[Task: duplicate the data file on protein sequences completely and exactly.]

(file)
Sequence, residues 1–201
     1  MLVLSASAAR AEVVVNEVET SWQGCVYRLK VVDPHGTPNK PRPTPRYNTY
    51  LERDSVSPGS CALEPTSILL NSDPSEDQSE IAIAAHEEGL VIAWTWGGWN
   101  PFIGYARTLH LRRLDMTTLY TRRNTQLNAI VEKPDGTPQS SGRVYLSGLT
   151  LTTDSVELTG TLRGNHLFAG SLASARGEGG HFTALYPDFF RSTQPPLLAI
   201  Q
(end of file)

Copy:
Sequence, residues 1–201
     1  MLVLSASAAR AEVVVNEVET SWQGCVYRLK VVDPHGTPNK PRPTPRYNTY
    51  LERDSVSPGS CALEPTSILL NSDPSEDQSE IAIAAHEEGL VIAWTWGGWN
   101  PFIGYARTLH LRRLDMTTLY TRRNTQLNAI VEKPDGTPQS SGRVYLSGLT
   151  LTTDSVELTG TLRGNHLFAG SLASARGEGG HFTALYPDFF RSTQPPLLAI
   201  Q